“There! That’s how you preserve food here: you eat it right away and you’re done with it. There is no fridge of any kind here,” Ivica mocked me.

Even when under voltage Kivumu is – out of the currentOur first three stays in Kivumu were ‘without current’ and I got used to it very quickly. Now that I think of it, in light of the recent electricity price rises in Croatia, it wouldn’t be such a bad idea to go unplugged from time to time, even at home. I could save a bit on the electricity bill.

This fourth arrival to our dear Rwandan village was, therefore, ‘under voltage’. But the guys from the Rwandan electrical company made sure that not everything was as orderly as we’re used to, at least when it comes to infrastructure. People spend more without, than with electricity, and the wooden electric poles have been placed – well, rather imaginatively! The poles don’t follow a straight line like they do elsewhere in the world, but instead they – zigzag... I guess it was the simpler for them that way. And it all looks like a big circus. Well, at least it shines; if you pay, that is. And one buys electricity in tokens. That way, one lives within one’s means.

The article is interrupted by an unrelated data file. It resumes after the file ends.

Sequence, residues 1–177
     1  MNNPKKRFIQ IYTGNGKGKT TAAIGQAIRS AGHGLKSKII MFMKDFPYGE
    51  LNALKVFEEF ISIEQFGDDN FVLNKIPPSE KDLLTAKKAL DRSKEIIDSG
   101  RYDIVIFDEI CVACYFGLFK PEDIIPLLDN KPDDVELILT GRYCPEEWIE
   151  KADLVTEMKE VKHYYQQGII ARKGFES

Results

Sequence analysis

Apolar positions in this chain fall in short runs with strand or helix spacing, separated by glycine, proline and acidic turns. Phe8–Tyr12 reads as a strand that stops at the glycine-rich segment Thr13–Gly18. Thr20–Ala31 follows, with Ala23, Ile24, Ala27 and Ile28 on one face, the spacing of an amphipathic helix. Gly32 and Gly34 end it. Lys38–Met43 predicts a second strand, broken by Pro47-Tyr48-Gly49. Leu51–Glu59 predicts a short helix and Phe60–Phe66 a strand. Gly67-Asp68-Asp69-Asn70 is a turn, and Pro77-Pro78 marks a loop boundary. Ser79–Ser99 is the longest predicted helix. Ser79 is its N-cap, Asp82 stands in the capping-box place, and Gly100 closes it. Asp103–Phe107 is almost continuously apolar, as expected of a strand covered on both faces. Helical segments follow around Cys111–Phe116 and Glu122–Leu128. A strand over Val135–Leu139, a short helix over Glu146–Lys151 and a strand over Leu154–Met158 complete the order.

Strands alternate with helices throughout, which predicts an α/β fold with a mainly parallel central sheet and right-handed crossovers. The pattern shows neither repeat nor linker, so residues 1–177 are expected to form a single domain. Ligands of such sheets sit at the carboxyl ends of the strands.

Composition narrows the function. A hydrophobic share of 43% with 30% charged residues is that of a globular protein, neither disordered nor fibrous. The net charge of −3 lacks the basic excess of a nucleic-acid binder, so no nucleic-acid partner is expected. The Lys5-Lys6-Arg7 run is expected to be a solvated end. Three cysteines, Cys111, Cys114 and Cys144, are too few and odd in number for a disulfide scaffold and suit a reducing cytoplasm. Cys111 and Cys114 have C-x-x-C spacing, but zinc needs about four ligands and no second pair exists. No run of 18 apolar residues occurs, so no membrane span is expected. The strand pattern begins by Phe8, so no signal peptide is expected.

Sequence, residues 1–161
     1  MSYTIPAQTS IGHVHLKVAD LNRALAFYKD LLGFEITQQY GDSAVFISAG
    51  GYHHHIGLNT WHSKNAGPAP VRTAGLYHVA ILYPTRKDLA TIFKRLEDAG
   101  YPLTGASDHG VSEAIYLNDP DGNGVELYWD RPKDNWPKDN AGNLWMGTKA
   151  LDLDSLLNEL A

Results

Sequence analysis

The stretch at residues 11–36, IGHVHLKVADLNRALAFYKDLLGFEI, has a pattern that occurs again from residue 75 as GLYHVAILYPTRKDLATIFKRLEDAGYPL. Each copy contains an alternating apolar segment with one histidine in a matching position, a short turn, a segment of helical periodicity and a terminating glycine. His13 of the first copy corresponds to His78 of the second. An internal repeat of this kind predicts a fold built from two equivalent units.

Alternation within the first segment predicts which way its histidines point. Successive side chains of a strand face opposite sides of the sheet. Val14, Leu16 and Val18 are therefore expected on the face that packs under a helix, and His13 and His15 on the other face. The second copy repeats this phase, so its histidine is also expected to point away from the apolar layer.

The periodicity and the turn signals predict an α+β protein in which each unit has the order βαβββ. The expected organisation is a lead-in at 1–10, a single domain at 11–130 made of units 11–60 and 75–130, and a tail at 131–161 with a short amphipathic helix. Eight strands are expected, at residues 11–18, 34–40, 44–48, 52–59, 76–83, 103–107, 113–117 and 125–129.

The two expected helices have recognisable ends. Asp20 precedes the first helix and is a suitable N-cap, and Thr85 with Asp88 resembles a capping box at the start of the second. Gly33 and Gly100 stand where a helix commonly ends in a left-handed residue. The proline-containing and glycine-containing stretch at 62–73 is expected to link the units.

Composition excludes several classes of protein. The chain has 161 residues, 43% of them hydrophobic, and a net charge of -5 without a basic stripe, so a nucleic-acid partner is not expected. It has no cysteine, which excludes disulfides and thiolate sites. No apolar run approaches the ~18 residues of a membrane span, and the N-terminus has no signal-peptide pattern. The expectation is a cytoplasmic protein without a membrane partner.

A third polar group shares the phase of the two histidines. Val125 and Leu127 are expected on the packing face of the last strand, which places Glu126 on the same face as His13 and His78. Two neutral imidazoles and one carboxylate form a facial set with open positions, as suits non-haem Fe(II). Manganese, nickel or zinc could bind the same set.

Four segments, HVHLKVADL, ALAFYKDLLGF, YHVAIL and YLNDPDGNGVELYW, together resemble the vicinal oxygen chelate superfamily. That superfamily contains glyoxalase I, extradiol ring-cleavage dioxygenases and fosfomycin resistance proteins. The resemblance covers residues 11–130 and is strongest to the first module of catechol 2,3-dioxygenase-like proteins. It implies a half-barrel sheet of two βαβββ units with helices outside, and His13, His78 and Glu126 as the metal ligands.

The one thing that is probably never going to change in Kivumu is its wonderful kids. The moment they saw the Dragon they started running after us, all barefoot as they were.

“Muzungu! Muzungu! Bonbon! Bonbon!” they shouted, running after the car and hoping to score a candy or two.

They don’t have cell phones, they don’t know what a Playstation is, they walk around in shabby clothes, many of them have never slept in a bed, and many also eat maybe three times a week. Nonetheless, nowhere else are you going to see so much sincere laughter, innocent joy and eagerness to play, dance and fool around. That’s why I love Kivumu. Because it always brings me back to my childhood!

Translated by: Branimir Mlakić
Edited by: Valerie Kae Ken